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Battery pre-conditioning

Jim Dean

Member
Apr 6, 2021
13
1
Burlington Vermont
On a past trip, when I tapped on an upcoming Supercharger location, I received a notice 20 or so miles out indicating the battery was pre-conditioning for faster charging. When I plugged in, the car charged at a rate of 675 miles per hour - in contrast to prior experience without pre-conditioning, when it was closer to 325 miles per hour. However, on a recent trip, under similar circumstances, it did not pre-condition, and seemed to top out at about 425 miles per hour charging.

I was unable to find any way to start the pre-conditioning process, and another driver at the Supercharger had the same experience, Perhaps pre-conditioning has been disabled? Does anyone know any way to enable it?
 

Matsayz

Active Member
Jul 6, 2019
1,184
959
Las Vegas
So the rate of charge at the supercharger is dependent on a number of variables, very few of which you can control. Also, for the sake of charger speak, use kW instead of miles/hr.

Pre-conditioning is up to the vehicle, no way to force it and you you must have the supercharger AS the destination for it to even happen.

Most important for a HIGH charge rate is that you have a very low state of charge (aka low battery). If you show up to a SC (supercharger) and you’re battery is above 50% you’re going to receive a lower rate of charge compared to if you showed up with 5%. Similar to how your cellphone charges very quickly from 10-50% then tapers off for the remaining bit, the vehicle does the same.

Now those variables I spoke of… to list a few, battery temp, battery %, is the SC a V2 or V3, ambient air temp, etc.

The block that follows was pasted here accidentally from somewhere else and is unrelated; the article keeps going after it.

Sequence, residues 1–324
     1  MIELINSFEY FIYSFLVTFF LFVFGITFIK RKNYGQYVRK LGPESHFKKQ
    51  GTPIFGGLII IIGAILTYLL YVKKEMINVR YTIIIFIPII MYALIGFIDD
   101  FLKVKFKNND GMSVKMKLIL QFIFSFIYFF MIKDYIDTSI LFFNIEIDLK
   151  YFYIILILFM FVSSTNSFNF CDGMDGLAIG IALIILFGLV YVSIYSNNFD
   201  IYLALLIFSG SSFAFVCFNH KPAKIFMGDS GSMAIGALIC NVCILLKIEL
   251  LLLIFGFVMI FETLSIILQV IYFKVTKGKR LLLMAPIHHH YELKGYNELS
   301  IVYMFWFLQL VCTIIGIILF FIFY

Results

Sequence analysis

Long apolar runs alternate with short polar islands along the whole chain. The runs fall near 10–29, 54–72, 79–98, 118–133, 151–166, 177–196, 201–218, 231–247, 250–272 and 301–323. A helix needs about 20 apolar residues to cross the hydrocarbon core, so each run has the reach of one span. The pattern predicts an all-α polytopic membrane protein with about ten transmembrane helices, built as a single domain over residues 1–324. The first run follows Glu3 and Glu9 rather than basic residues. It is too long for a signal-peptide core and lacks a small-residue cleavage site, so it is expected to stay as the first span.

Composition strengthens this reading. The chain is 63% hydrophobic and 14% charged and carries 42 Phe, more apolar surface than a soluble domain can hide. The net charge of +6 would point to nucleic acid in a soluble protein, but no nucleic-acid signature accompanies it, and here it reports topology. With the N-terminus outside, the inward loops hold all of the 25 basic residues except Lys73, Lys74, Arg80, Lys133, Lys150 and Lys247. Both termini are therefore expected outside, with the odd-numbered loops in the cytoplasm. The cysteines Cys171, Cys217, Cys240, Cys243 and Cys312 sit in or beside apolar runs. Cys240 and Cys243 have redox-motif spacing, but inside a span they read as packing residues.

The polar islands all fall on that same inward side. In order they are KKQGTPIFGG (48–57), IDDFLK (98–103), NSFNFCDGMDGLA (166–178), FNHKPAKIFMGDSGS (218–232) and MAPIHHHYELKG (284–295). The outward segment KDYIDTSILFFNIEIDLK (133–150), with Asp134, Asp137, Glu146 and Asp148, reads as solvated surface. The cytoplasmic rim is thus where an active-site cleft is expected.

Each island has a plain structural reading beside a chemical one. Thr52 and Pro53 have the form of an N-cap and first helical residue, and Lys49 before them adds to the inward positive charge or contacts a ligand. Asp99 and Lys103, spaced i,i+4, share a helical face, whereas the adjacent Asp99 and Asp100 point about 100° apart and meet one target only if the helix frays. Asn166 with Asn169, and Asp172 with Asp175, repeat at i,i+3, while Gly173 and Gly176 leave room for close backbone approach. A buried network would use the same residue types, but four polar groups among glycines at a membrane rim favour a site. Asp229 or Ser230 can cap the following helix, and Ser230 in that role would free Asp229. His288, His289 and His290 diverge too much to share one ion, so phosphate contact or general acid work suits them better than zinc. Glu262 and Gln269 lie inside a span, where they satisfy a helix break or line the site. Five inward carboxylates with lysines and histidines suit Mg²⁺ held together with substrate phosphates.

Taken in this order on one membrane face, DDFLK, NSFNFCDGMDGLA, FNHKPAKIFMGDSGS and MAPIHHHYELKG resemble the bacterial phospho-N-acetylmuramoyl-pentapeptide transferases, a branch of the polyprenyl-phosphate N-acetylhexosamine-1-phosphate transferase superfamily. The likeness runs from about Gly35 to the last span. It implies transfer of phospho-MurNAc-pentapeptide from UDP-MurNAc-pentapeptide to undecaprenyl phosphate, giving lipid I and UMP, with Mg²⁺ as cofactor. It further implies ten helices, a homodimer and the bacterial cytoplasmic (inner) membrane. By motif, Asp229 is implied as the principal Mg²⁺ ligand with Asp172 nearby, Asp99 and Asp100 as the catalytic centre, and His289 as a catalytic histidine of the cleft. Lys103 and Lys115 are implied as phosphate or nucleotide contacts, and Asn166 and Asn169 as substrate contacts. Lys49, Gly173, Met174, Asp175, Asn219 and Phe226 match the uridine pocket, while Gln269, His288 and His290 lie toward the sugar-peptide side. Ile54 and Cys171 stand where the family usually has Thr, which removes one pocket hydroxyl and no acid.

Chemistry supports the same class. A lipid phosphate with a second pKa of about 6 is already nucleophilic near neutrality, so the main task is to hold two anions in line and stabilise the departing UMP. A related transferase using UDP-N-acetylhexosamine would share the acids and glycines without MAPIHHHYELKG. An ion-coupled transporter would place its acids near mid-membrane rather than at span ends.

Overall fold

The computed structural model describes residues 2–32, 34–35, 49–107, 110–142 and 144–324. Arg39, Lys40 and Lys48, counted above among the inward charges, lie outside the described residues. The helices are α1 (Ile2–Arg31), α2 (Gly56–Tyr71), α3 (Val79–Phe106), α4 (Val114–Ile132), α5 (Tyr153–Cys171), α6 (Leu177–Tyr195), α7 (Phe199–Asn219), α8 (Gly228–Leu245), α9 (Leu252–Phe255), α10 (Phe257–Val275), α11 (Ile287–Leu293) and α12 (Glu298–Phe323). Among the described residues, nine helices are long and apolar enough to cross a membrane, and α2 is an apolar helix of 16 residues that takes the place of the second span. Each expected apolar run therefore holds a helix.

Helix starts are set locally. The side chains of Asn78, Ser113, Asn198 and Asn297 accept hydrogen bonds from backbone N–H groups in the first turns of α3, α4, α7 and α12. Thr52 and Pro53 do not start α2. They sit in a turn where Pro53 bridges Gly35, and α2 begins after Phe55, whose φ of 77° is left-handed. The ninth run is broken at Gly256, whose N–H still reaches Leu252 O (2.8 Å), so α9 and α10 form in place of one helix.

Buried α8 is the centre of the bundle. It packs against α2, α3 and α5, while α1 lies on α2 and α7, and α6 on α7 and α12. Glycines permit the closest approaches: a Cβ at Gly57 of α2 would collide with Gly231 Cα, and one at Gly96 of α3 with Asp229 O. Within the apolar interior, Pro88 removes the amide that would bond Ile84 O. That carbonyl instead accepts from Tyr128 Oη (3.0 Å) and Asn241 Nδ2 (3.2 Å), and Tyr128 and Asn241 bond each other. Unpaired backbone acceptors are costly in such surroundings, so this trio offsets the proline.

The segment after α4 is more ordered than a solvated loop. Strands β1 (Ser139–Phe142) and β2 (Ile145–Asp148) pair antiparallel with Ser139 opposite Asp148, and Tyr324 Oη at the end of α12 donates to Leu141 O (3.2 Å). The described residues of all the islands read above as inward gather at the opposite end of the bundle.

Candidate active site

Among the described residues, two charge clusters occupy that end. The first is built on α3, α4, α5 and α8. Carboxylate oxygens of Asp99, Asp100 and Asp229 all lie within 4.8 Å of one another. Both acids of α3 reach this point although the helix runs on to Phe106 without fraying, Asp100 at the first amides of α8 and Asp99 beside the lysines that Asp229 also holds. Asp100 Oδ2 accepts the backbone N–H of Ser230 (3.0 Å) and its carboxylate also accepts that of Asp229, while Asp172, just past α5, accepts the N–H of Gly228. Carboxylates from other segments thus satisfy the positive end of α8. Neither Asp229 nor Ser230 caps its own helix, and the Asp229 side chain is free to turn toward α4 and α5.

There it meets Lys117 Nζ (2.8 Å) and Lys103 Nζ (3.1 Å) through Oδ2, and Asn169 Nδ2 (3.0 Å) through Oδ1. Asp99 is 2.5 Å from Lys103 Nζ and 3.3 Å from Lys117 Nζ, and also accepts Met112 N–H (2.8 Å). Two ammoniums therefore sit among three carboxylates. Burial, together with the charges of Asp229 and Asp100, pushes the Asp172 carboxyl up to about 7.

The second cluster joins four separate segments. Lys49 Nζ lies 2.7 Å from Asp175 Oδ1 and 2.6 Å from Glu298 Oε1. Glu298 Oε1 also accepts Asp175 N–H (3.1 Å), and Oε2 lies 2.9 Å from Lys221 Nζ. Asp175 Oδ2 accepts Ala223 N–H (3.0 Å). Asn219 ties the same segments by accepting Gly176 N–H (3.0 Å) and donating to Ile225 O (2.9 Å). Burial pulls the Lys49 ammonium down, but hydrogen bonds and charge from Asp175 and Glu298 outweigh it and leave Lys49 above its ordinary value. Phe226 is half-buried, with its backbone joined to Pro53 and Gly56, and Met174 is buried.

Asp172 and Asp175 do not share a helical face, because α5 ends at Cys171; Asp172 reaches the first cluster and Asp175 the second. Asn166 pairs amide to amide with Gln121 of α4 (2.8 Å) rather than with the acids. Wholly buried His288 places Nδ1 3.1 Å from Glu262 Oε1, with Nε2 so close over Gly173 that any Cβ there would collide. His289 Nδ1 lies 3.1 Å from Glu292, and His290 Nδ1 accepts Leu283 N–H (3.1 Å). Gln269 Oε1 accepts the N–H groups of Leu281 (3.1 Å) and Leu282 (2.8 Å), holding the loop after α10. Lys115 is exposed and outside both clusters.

The vehicles are capable of receiving “up to” 250kW/hr but rarely does anyone see that rate and even if they do, it’s short lived for like maaaaybe a few mins.

It’s always a good idea to select the SC as the destination so the car will pre-condition for the highest available charging rate. But also remember that when on a road trip you want to charge enough to make it to the next charger (with a safety buffer that you’re comfortable with) but no more. That’s the fastest way to charge because above a certain point you’re just wasting your time that could’ve been on the road. Remember, lower charge status(%) batteries charger faster than fuller batteries.
 

Jim Dean

Member
Apr 6, 2021
13
1
Burlington Vermont
So the rate of charge at the supercharger is dependent on a number of variables, very few of which you can control. Also, for the sake of charger speak, use kW instead of miles/hr.

Pre-conditioning is up to the vehicle, no way to force it and you you must have the supercharger AS the destination for it to even happen.

Most important for a HIGH charge rate is that you have a very low state of charge (aka low battery). If you show up to a SC (supercharger) and you’re battery is above 50% you’re going to receive a lower rate of charge compared to if you showed up with 5%. Similar to how your cellphone charges very quickly from 10-50% then tapers off for the remaining bit, the vehicle does the same.

Now those variables I spoke of… to list a few, battery temp, battery %, is the SC a V2 or V3, ambient air temp, etc.

The vehicles are capable of receiving “up to” 250kW/hr but rarely does anyone see that rate and even if they do, it’s short lived for like maaaaybe a few mins.

It’s always a good idea to select the SC as the destination so the car will pre-condition for the highest available charging rate. But also remember that when on a road trip you want to charge enough to make it to the next charger (with a safety buffer that you’re comfortable with) but no more. That’s the fastest way to charge because above a certain point you’re just wasting your time that could’ve been on the road. Remember, lower charge status(%) batteries charger faster than fuller batteries.